“Mining companies will also have a chance to share their issues and experiences on what communities need to do and what they need to do together,” said Matthews. “Over the years, we have moved away from dependency on government. We feel where the rubber hits the road is in the bush and not in Ottawa. We have seen progress already where our organization worked with the Prospectors and Developers Association of Canada (PDAC) and the Mining Association of Canada to look at tax deductions for aboriginal community consultation. This is of benefit to the company—money spent on the loosely defined word ‘consultation’ can get you tax deductions from Revenue Canada.”
Knowledge is key
According to the MiHR, the aboriginal population is growing six times faster than Canada's non-aboriginal population. Furthermore, aboriginal communities are located in close proximity to mine and exploration sites, making local peoples an ideal source of human resources. These people are also the experts on the very land on which they live.
“The aboriginal communities know, for example, where the best place to dump tailings would be, where to cross rivers and streams,” said Matthews. “They have a sense of the lay of the land because of their continued use. The people may not be able to communicate it in the same scientific manner, but they will share views of their own understanding and observation of the land.”
Other ways the two groups can work better together, according to Matthews, is through infrastructure, mine closure planning and access to resources planning.
“Communities should be involved in all of these issues in some form of decision-making role,” he said, “whether it would be to discuss the best alternative, to provide input or to find alternative ways of doing business for a mining company.”
In Ontario, an amendment to the province's mining act in 2009 states that the amended act will be Canada’s first mining legislation to introduce a dispute resolution process for aboriginal-related consultation issues. The legislation also introduces a graduated approach to aboriginal consultation. This approach outlines consultation requirements, requires environmental rehabilitation and introduces plans or permits for exploration activities. Matthews said the amended act requires that communities be involved in advanced mining exploration programs and closure plans of mines. This helps mining companies complete environmental assessments for new mines and also allows for infrastructure when a mine closes.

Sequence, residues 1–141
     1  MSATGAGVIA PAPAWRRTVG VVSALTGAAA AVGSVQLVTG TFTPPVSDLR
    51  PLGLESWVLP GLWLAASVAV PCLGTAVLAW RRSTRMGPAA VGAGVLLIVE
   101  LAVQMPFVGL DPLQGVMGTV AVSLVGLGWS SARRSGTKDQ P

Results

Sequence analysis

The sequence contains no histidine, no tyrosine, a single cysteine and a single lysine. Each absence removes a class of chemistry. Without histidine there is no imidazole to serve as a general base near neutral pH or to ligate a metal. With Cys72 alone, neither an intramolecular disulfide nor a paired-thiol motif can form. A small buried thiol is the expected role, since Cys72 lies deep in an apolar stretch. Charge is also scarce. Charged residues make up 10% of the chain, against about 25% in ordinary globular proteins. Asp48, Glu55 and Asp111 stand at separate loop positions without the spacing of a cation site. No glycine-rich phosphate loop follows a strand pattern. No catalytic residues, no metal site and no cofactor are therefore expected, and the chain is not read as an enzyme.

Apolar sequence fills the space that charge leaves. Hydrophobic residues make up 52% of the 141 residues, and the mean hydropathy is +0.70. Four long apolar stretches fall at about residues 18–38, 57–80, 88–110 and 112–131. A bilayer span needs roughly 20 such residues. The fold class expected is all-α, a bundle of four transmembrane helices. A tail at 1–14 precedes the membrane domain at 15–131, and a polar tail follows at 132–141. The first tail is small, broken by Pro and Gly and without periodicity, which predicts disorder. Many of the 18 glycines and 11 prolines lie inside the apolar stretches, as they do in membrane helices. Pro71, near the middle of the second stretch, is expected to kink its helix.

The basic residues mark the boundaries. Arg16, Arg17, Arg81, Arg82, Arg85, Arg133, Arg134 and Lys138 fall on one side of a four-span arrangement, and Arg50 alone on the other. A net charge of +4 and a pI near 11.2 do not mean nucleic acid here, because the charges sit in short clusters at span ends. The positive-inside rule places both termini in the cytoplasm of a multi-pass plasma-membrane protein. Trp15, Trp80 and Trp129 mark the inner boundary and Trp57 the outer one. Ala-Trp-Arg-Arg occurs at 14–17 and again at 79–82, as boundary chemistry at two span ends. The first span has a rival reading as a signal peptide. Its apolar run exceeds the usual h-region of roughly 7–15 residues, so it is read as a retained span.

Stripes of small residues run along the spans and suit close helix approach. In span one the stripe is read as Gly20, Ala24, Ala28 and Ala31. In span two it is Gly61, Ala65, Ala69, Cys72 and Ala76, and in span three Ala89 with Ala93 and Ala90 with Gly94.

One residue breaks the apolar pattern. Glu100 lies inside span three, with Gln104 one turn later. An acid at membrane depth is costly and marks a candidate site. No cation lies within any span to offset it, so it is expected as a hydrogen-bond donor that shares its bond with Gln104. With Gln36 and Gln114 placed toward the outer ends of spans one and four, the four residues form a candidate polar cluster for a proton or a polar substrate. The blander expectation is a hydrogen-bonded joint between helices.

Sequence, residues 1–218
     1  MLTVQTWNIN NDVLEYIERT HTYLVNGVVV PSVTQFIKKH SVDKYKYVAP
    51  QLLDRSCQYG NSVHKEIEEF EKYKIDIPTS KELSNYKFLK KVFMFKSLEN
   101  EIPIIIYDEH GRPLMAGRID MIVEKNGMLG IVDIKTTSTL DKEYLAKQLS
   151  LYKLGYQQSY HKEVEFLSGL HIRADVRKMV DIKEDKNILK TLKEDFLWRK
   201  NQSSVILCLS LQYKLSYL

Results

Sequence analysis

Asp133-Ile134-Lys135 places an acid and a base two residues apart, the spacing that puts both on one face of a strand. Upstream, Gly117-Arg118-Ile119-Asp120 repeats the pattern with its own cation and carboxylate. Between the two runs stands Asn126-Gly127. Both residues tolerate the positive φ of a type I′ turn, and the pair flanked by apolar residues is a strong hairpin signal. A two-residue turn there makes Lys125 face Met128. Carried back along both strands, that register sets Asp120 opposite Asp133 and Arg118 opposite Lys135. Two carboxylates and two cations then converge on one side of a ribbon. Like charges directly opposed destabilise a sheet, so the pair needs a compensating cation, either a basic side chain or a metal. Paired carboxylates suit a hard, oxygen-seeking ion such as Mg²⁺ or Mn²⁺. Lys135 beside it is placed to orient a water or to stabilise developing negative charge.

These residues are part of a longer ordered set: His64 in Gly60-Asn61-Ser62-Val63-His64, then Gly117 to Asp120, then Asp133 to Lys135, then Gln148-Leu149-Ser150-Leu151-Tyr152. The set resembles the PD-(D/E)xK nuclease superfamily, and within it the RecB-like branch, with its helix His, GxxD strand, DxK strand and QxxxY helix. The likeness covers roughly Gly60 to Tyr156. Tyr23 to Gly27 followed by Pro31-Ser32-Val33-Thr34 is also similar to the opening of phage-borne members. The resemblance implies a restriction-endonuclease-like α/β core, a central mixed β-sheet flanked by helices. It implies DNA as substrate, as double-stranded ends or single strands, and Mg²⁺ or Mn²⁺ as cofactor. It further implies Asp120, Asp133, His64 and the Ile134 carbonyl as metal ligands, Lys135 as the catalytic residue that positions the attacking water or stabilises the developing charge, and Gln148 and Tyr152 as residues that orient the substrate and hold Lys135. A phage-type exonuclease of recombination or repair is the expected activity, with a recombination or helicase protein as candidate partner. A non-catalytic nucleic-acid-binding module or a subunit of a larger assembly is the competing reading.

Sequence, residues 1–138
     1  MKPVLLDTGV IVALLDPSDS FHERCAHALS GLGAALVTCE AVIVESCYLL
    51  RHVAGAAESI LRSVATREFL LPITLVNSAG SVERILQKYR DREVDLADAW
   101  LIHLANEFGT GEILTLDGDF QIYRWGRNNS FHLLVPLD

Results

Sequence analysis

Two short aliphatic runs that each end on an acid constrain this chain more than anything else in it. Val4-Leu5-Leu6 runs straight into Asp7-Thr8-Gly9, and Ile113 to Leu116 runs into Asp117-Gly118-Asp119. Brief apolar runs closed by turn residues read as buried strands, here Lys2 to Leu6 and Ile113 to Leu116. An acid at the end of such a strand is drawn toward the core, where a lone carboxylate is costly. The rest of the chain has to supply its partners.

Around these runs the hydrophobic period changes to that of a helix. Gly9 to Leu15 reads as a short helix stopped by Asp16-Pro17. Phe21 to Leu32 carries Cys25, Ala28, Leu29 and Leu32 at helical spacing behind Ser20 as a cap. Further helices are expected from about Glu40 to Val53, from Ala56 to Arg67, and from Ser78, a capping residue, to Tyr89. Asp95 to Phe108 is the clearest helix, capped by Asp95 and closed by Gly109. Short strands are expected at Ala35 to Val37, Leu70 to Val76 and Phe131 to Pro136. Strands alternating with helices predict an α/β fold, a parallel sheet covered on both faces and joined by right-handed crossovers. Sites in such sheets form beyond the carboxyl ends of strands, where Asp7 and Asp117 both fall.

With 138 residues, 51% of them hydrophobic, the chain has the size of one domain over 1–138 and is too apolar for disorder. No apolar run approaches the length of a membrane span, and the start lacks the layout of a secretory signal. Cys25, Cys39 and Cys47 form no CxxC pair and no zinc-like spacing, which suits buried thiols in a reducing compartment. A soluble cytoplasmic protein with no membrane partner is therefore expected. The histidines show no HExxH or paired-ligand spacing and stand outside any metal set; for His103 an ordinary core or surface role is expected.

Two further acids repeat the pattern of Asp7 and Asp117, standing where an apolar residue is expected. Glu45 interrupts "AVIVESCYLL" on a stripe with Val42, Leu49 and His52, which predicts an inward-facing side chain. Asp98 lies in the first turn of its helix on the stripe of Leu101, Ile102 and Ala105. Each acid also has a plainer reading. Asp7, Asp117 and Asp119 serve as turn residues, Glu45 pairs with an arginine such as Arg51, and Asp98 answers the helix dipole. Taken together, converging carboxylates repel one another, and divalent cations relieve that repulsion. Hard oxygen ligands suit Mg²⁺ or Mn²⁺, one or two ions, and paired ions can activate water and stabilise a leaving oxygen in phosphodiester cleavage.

“In some communities, they have been successful in obtaining some of the infrastructure—like buildings being donated back to the community,” said Matthews. “Determining what a community’s needs are is still a challenge. Only through dialogue—as per our conference’s theme: Meeting Minds, Making Mines—will a company really understand what the needs of a community are. For example, one company donated 20 homes to a native community. What happened was it cost the community in excess of close to a million and a half dollars to put in the infrastructure to support the homes. It all depends on the needs of the community.”
A positive trend that Matthews has seen is mining companies taking on a bigger role in regards to social responsibility.
“In the early days, some companies would say it wasn’t their responsibility, it was the government’s,” said Matthews. “Now, we are seeing more companies taking a role in social development instead of relying on the government. This is a positive trend.”
Matthews also said communities are surrounding themselves with a good variety of advisors. So instead of as it was in the early days, where a lawyer would be called first and foremost when there was an issue, communities are now calling in people who are experts on the subject at hand, allowing for a conversation to open up.
Attendance at the conference is expected to double this year, with about 1,000 people expected. For more information on the conference, check out CAMA’s website.